100%

(19/19)

Presence/ absence

Collado et al., 2008

Activated sludge

1

96%

(26/27)

Spain

2007

A. butzleri

A. cryaerophilus

Activated sludge

Culture enrichment

25

67%

(10/15)

Presence/ absence

Gonzalez et al., 2007

mPCR

67%

(10/15)

PCR

100%

(15/15)

Spain

2008

A. butzleri
A. cryaerophilus A. skirrowii

 

Raw sewage

 

Filtration, culture enrichment, plating, mPCR & 16S rDNA-RFLP

200

100%

(15/15)

 

Presence/ absence

Collado et al., 2010

Spain

2009 to 2011

A. butzleri

A. cryaerophilus

A. nitrofigilis

A. defluvii

A. cloacae

Raw sewage

Direct plating, enrichment, filtration, culture, mPCR/ mPCR & 16S rDNA-RFLP

200

95%

(20/21)

Presence/ absence

 

Levican et al., 2016

Spain

2012 to 2013

Arcobacter spp.

Secondary treated WW

 

Filtration, MPN culture enrichment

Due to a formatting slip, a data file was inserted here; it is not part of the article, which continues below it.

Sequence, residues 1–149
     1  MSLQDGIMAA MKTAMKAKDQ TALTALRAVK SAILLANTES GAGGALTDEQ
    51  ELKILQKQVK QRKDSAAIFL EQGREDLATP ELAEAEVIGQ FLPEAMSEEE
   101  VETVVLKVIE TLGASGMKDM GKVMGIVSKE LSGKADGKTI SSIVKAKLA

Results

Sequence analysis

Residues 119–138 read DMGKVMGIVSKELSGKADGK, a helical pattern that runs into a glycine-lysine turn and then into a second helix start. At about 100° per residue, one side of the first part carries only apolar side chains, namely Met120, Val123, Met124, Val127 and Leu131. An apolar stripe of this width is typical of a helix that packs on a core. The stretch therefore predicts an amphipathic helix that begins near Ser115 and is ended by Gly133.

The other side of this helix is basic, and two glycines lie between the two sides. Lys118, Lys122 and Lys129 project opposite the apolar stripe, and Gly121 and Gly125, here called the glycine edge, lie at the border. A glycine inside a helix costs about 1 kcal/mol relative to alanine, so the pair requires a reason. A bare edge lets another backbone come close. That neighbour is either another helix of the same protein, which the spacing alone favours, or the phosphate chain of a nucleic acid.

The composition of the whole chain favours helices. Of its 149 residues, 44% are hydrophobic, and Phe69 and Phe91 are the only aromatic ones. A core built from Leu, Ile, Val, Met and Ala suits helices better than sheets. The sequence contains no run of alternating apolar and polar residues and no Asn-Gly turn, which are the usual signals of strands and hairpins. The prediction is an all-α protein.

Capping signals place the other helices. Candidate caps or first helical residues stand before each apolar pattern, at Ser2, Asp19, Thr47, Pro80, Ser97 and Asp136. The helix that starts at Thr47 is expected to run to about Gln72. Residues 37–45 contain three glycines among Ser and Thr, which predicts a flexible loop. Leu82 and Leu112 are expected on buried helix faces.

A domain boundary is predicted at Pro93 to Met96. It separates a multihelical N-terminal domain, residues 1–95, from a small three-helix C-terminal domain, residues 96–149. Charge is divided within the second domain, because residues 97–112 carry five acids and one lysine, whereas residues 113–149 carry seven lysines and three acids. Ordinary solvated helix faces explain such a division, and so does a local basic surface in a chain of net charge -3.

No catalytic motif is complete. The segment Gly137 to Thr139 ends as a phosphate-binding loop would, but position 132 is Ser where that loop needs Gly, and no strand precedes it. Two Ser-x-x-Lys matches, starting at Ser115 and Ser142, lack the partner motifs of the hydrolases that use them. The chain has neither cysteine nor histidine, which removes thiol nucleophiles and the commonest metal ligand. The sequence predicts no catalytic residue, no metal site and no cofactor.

100

100%

(12/12)

2.1E+07 MPN

Fernandez-Cassi et al., 2016

Tertiary treated WW (lagooning)

41.6%

(5/12)

3.5E+05 MPN

Turkey

NR

A. butzleri

Arcobacter spp.

 

Raw sewage

Filtration, culture enrichment, PCR, 16S sequencing

200

38%

(25/66)

 

Presence/ absence

 

Akincioglu, 2011

UK

2011

A. butzleri

A. cryaerophilus

Raw sewage

Culture enrichment, PCR, mPCR

NR

100%

(9/9)

Presence/ absence

Merga et al., 2014

Other matrices

Canada (Alberta)

2014 to 2015

A. butzleri
A. cryaerophilus

Irrigation water

Centrifugation, MPN culture enrichment, qPCR

300

79%

(63/80)

 

33 MPN

 

Banting et al., 2016

Italy

2007 to 2008

A. butzleri

A. cryaerophilus

Estuarine water

Filtration, culture enrichment, PCR

2500

100%

(4/4)

Presence/ absence

Fera et al., 2010b

Japan

Thailand

2000 to 2002

A. butzleri

A. skirrowii

River water

Selective culture/ PCR, rpoB-rpoC sequences

 

24%

(4/17)

Presence/ absence

Morita et al., 2004

Canal water

100%

(7/7)

S. Africa

NR

A. butzleri

 

Tap water

Filtration, culture enrichment, plating, 16S rDNA sequences

100

0%

(0/5)

Presence/ absence

Diergaardt et al., 2004

Ground water

0%

(0/4)

Surface water

64%

(7/11)

Spain

2000

Arcobacter spp.